The Autumn of Italian Opera
Allan Mallach
Northeastern University Press

490 pp  2007 pub.

A fascinating book and yet, and yet….a bit too of too little and too late. Mr. Mallach is the author of the very interesting and well written biography of Pietro Mascagni. Last year, Konrad Dryden who had already written a splendid  biography of Zandonai gave us the definitive story of Leoncavallo as well and that book too has earned its place next to Mallach, Budden or Matz (publications on Puccini and Verdi), Ashbrook (Donizetti) etc. All these books belong to the “must have” category if one is a lover of Italian opera. They not only tell an interesting story they also succeed in broadening our interest in lesser known works. In the course of his research on Mascagni Mr. Mallach definitely made an exhausting number of notes which he now reworked for this “Autumn of Italian Opera”. I’m sure there is a lot of revealing information in this new book for the neophyte, for the young collector or the young opera lover. But for those who already bought the afore mentioned books there is a feeling that not everything is new; that quite a lot of other books is rehashed. Chapter 2 Abbiamo un maestro (meant is Mascagni) is simply a shortened retelling of the birth of an opera we already know so well from Mallach’s biography. Other chapters (or part of) tell us of Mascagni and D’Annunzio, the story of the 7 premières of Le Maschere etc. and if one has read Dryden’s Leoncavallo or Budden’s Puccini much that is said here sounds familiar.

Does this mean that one can easily overlook this book ? No, definitely no, as loose ends, interesting stories etc one already knew are now meticulously put in perspective. The chapters on the operatic landscape (publishers, opera houses, librettists) are particularly rewarding. The struggle between Sonzogno and Ricordi with all means fair and foul (mostly foul) is attention riveting reading. One learns that the big houses, still known today, didn’t play the important role one thought. Mr. Mallach often offers eye opening figures on salaries, ticket prices, payments etc. which one will rarely meet elsewhere. He has the good sense in trying to translate those figures to our days. Do not neglect his many interesting notes at the end of the book. Did you know that Verdi was the owner of almost 700 hectares of prime farmland or that there were almost 200 labourers working on his domains ? Only on the influence of singers is Mr. Mallach somewhat weak as apart from a few giants as Caruso most of them are barely mentioned. Still it is known fact that composers often went on their knees to one or another singer, knowing well that a big name could help in establishing a composer’s reputation (witness the pathetic letters Zandonai wrote to Aureliano Pertile). Mallach concentrates his story on the ‘giovane scuole’, which means Puccini, Mascagni, Leoncavallo, Cilea, Giordano and Franchetti. Some space is devoted to Catalani but apart from a few name droppings more could be  said of Samara, Smareglia, Orefice, Usiglio etc. Thanks to the internet the collecting community is now in far more intense contact than used to be and cd-r exchanges are very common. One surely wants to know more on those almost unknown composers whose works may be rarely performed but one performance  is enough as copies will spread throughout the whole world. Mr. Mallach tells us that the ‘young school’ was something that only lasted a few years. No opera (with Puccini’s works being an exception) composed after 1902 entered the iron repertoire but he also implies there are rightful reasons for that neglect: lack in inspiration, tired formulas, backwardness compared with the daring technique of Debussy or Strauss. Not everything is indeed exalted in later compositions by Italians but anyone who has ever suffered the tedium of Pelléas or Arabella(and this reviewer contrary to most critics is able to understand and speak French and German) can and will be very happy with the melodious and merciful short later operas of Cilea (Gloria) or Giordano (Madame Sans-Gêne and Siberia). And one sighs with relief when listening to the beauties in the recordings of Samara and Smareglia-pieces. It may not be Puccini at its very best but some of these operas are at least well made pieces and they definitely deserve a rehearing and thanks to DVD a re-seeing. Mr. Mallach has read a lot of scores and though he can be severe he also points us to some hidden beauties. Still, I’ve got the impression he sometimes is a little bit too severe. Take Franchetti’s Germania for example. As long as I possessed a few recordings only I completely agreed with Mallach’s judgment (the same goes for Wally). The moment one watches some DVD’s one has to admit that as a complete experience these operas are very rewarding indeed. All in all, the book deserves to be read and I hope either Mr. Mallach or Mr. Dryden will at last give us a biography of Umberto Giordano whose life seems to become more interesting every time I get more information on the composer.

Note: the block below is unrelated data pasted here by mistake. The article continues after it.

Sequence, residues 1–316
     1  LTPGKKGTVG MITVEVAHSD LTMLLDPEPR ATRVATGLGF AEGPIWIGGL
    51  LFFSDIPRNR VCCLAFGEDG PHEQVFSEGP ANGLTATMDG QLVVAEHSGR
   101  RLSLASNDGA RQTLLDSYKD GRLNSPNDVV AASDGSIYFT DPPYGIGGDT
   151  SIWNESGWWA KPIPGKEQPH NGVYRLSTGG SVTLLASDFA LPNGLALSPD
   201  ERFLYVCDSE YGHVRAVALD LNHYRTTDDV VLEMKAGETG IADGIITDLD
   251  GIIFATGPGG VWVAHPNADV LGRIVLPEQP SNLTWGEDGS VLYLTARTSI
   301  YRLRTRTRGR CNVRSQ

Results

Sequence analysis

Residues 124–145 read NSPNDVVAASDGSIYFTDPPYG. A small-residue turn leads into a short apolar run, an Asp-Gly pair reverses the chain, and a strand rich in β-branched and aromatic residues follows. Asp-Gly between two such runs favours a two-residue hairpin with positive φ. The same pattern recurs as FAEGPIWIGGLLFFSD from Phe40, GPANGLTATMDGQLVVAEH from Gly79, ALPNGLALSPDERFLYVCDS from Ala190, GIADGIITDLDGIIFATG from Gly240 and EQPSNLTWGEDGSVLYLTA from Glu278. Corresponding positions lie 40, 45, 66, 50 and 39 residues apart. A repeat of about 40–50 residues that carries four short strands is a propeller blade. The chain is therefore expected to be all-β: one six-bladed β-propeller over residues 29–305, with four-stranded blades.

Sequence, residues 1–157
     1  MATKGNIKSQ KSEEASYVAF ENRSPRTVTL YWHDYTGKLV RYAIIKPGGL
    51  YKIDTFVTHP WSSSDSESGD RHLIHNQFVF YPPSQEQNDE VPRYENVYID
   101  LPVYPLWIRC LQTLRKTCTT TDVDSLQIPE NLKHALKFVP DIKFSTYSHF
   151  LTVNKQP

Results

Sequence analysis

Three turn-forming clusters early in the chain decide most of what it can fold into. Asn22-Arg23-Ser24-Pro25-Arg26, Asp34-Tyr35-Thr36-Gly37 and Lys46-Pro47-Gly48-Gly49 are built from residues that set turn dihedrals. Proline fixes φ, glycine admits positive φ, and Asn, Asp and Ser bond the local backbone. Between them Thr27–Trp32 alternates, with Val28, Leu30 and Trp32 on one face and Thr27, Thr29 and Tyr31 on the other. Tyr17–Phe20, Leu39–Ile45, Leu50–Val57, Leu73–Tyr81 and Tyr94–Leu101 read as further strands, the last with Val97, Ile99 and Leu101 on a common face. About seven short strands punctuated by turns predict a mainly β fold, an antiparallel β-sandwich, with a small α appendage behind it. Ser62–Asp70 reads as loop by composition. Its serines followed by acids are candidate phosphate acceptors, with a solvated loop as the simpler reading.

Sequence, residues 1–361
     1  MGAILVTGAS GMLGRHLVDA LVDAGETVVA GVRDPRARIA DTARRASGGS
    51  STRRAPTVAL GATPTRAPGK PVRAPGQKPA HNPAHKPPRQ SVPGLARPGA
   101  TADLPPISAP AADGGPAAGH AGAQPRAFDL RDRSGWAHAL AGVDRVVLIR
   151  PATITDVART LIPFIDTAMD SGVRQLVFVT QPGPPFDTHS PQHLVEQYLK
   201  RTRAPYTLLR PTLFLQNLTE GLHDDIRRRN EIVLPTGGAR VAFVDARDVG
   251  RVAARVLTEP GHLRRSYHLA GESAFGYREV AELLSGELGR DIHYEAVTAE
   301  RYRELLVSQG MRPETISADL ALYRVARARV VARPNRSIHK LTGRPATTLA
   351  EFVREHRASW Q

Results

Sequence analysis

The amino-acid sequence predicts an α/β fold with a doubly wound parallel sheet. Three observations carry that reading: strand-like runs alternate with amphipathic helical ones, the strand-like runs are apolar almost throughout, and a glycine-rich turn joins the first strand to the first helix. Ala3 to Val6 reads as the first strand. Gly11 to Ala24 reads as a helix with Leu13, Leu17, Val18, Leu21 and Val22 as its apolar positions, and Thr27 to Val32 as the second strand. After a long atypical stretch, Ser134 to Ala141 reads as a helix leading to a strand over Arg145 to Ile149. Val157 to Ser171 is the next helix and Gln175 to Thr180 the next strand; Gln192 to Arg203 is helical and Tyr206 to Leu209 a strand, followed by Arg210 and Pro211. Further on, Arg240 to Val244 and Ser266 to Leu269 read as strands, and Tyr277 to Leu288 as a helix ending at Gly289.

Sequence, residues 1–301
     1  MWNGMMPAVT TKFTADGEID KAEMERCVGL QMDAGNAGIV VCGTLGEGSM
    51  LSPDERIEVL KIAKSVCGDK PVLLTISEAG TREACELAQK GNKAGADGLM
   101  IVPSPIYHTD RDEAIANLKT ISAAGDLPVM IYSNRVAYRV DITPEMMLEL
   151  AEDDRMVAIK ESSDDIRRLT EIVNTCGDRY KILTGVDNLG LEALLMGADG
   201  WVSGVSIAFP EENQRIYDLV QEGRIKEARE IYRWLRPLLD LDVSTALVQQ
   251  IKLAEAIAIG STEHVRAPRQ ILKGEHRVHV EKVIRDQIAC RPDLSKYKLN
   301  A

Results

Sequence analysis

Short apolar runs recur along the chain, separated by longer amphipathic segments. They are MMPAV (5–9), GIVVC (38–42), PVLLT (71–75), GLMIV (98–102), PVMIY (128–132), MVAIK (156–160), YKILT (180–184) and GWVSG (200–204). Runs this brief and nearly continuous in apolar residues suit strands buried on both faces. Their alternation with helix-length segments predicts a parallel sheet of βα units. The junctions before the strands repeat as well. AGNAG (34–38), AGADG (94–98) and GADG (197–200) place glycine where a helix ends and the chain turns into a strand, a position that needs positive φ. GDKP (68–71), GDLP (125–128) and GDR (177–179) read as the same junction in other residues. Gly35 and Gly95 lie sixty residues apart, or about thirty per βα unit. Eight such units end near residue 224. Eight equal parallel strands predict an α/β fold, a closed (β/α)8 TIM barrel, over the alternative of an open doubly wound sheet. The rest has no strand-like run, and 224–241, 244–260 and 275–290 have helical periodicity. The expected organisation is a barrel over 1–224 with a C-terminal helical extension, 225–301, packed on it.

Jan Neckers, Operanostalgia